Archives for January 2010

Whole Body Power – One of the real secrets of 1 Touch Knockouts!

When you use proper waist and knee power together while relaxed you will gain the benefits of whole body power. Start by first taking the waist and knee power exercises and doing them without any waist or knee movement and then do them with both the waist and knees acting in coordination at the same time. There should be a significant difference in power.

Also, if you shift your body weight from one side to the other by shifting on your feet and then allow the weight to transfer into your pushing or pulling action then you will add another dimension to your power altogether. Trained properly you will find that this kind of training will give you powerful movement and striking ability while you are relaxed and moving relatively effortlessly. The trick to using this for self defense is to train fluidly and softly while maintaining the integrity of your body enough so that whatever action you are performing is done by your whole body as fast as you can move to do it.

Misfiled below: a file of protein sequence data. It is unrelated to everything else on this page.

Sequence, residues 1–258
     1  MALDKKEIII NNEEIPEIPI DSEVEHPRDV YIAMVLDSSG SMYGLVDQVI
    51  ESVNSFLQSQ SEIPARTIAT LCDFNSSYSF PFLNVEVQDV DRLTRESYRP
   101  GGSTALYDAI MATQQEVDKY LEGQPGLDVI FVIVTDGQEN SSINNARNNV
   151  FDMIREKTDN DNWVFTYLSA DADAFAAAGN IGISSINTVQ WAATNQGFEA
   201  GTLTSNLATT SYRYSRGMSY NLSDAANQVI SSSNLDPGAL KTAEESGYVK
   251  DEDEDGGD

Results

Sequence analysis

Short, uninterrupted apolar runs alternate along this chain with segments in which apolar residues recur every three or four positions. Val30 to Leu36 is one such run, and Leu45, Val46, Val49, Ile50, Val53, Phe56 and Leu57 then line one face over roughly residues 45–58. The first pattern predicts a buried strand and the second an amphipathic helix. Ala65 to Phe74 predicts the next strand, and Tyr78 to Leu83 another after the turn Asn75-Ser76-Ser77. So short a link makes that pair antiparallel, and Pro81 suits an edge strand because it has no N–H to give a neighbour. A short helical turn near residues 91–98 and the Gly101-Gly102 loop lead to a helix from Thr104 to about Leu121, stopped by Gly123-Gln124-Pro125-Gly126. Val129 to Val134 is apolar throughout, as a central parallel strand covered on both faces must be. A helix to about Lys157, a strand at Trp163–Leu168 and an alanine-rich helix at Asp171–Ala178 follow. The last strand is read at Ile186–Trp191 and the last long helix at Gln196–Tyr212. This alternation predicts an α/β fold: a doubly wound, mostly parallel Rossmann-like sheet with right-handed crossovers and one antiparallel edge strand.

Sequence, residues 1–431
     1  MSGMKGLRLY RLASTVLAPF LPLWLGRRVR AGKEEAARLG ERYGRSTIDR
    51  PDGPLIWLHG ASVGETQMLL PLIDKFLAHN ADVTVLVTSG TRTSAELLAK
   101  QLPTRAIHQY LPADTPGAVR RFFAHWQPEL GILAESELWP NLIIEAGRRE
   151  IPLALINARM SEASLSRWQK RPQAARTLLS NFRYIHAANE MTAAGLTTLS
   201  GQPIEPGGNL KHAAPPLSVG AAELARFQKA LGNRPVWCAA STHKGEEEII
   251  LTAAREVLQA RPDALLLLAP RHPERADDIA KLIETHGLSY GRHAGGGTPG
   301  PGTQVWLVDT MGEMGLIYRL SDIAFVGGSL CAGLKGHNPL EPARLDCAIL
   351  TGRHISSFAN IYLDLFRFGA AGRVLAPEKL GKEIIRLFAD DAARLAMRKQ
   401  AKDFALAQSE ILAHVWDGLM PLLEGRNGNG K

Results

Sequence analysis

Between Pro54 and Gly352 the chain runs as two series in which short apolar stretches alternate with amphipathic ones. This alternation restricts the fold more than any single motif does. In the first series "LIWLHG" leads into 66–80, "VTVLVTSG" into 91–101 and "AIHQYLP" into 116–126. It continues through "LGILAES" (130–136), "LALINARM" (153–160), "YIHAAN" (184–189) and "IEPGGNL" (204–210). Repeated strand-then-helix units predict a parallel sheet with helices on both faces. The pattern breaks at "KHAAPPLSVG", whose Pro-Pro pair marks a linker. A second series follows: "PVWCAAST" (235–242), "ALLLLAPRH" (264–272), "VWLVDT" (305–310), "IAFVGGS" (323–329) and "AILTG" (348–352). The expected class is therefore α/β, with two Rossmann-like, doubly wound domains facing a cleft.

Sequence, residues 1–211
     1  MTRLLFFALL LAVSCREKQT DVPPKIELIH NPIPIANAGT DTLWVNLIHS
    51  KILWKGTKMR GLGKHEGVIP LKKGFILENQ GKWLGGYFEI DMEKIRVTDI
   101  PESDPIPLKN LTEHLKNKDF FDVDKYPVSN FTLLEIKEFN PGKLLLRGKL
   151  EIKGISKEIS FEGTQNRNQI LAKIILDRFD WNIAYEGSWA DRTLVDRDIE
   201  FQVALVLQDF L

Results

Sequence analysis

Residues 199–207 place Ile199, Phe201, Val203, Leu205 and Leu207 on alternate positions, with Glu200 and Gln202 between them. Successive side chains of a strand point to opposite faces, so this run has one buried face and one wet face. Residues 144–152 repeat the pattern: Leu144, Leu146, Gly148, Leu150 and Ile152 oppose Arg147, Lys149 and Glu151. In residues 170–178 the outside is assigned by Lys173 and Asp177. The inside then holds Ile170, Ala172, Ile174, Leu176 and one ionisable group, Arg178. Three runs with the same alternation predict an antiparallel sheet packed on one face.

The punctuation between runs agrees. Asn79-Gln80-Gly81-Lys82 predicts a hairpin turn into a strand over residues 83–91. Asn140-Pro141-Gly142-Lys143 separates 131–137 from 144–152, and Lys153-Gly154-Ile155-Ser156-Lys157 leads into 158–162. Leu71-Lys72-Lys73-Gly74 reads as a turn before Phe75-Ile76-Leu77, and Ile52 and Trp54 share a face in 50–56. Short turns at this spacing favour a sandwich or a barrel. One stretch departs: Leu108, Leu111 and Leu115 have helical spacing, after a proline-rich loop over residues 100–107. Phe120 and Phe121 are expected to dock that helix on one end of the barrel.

If you apply yourself to this training then you will find that the transference of body weight required to perform 1 Touch knockouts is something you can build into your movement so that whole body power is available whenever you need it. This kind of movement is essential for all of the advanced material in Clear’s Silat.

Keep up the Good Training.
Please send me any questions you may have.
Regards.
Sifu

Knee Power